I heard one is coming out.
Well, keep talking…!
When I was in Vegas taking the ITC course, the Instructor mentioned that FLIR is coming out with a new Camera by the end of the year, he said he’s not supposed to mention this but oh well…The size and shape is close to the Bcam series and the cost is going to be far far lower than any of them on the market. All he said It’s going far under $2,500 and thats a fact he said.
So we will have to wait and see…He did mention the color of the skin, But it’s not Black / White. It will have 2-3 color choices, But you never know black and white might be one of the colors. This is all he mentioned to us in class.
ITC Certified Level-1 Thermographer
Within the next five years, every inspector will have one. Why wouldn’t you? Better to get into it now!
Had this posting been made today (4/1), I would have been very suspicious! I first used infrared for building inspections in 1983 and have been training others ever since. In those 25 years I’ve seen a lot of changes but none has surprised me more than the price reductions we’ve seen in the past several years.
There WILL be further reductions but I know of no $1000 camera coming at this time. I fully expect we will hit $3500 within a year and two new technologies may push it a bit lower. The cost of germanium lens material remains the limiting factor at this time—as well as marketing costs and profits of course!
Readers must realize that not all cameras are appropriate for use in buildings and some cameras are much more than is necessary. While a black and white image (not a “skin”) can work well, a thermal sensitivity of less than 70mK is, while not essential, vital if you want to do good work year round especially for moisture. Temperature measurement is not essential but a wide angle lens (25 to 40 degrees) is a must for working inside. Frame rates of 30 and 60Hz are not necessary IF you take the time to learn to get good, high-quality images with a 9Hz camera. For residential and small-commercial buildings a 160x120 array easily does nearly any job—despite the marketing push to buy larger arrays—but you’ll get into trouble fast with that system on larger buildings. To reduce all of this to a “rumor of a $1,000 black and white” system is a mistake.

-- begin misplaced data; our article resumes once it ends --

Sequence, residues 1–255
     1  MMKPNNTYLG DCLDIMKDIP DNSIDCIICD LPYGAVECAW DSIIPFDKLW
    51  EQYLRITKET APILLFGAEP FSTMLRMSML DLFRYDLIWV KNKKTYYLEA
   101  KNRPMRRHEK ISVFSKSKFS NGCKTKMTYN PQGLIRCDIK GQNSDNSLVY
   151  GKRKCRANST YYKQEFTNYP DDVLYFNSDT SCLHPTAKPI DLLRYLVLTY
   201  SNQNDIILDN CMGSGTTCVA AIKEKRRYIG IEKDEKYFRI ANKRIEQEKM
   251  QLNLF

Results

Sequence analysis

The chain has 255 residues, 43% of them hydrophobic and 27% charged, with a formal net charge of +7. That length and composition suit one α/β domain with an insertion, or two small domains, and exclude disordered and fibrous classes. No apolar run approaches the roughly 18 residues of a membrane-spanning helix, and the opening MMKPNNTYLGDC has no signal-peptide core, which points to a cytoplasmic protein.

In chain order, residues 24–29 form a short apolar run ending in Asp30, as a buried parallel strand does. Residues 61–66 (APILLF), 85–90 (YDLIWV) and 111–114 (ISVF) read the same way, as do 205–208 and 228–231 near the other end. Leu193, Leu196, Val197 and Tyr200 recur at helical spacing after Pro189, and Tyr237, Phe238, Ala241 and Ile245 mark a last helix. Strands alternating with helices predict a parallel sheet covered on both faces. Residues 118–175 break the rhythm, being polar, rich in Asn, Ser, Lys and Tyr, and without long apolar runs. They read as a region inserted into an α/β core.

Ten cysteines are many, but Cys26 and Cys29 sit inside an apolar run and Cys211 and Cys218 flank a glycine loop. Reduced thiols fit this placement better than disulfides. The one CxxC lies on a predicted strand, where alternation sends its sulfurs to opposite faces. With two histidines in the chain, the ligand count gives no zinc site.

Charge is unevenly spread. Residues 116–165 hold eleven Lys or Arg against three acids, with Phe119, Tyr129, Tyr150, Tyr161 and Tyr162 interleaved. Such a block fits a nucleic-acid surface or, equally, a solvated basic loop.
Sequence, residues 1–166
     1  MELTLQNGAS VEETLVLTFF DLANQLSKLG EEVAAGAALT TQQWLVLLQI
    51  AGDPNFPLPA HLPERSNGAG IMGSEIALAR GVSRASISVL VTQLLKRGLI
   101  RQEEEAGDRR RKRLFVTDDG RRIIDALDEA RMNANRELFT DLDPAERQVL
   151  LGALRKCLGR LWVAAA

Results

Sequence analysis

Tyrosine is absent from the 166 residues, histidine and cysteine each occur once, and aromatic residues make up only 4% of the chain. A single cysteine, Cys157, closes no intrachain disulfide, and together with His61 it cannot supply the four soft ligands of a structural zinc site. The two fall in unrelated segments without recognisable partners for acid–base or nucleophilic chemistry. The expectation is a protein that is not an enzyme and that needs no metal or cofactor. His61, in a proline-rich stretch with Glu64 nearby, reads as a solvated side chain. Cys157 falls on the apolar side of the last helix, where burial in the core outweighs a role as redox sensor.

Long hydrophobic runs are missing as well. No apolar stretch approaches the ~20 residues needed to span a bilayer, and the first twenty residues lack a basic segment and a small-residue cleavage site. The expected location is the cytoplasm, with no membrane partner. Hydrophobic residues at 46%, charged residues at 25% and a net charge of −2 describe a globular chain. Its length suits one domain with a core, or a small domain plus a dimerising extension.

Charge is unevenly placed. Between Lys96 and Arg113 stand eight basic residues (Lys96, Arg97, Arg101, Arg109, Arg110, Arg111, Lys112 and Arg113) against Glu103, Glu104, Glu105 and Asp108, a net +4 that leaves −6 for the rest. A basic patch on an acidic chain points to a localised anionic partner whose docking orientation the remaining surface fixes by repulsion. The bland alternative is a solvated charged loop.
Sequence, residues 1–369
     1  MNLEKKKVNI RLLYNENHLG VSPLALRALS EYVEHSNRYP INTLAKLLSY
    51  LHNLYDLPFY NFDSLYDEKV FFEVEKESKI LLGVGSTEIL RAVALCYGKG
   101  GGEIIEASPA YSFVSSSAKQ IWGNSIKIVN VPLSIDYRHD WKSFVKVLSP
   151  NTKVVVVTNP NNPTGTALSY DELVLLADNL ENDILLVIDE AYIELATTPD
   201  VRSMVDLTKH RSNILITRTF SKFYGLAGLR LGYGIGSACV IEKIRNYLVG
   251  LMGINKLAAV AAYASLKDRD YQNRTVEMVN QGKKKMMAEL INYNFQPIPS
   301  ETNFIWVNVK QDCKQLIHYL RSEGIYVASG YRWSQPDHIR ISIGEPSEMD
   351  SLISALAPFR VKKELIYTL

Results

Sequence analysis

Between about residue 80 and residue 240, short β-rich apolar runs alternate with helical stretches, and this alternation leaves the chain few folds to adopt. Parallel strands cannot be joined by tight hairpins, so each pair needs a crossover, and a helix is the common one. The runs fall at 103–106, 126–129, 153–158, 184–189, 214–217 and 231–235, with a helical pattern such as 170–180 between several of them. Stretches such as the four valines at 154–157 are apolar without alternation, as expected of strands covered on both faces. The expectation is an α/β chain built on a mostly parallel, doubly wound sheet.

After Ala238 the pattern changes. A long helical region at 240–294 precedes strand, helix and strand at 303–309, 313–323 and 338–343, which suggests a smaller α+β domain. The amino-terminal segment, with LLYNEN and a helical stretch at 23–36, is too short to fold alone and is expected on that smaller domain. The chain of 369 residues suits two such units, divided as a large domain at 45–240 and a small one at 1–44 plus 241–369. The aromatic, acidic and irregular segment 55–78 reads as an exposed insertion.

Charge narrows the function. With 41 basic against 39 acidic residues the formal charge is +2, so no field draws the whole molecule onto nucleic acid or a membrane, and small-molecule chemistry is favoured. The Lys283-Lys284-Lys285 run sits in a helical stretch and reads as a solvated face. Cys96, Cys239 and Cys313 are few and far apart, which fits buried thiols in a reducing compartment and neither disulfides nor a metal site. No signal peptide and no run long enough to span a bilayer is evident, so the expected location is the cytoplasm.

I WILL say there has never been a better time to be in the field. I would encourage all readers to develop a business plan that supports using this remarkable technology because it is not going to go away. Hopefully your new camera, whichever one you end up with and at whatever price, can be part of a profitable business helping homeowners make intelligent decisions. Hopefully it also will be lighter weight than this system, a 22-pound Inframetrics 740, which I’m shown using back in the early '90s.
ASNT NDT Level III #48166